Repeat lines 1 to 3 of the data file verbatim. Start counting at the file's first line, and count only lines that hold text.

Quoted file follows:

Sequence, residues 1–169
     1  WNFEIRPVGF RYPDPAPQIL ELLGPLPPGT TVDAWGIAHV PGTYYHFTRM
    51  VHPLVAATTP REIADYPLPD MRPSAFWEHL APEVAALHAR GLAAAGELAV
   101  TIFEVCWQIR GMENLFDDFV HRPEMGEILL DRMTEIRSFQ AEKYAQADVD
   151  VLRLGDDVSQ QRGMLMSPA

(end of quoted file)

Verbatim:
Sequence, residues 1–169
     1  WNFEIRPVGF RYPDPAPQIL ELLGPLPPGT TVDAWGIAHV PGTYYHFTRM
    51  VHPLVAATTP REIADYPLPD MRPSAFWEHL APEVAALHAR GLAAAGELAV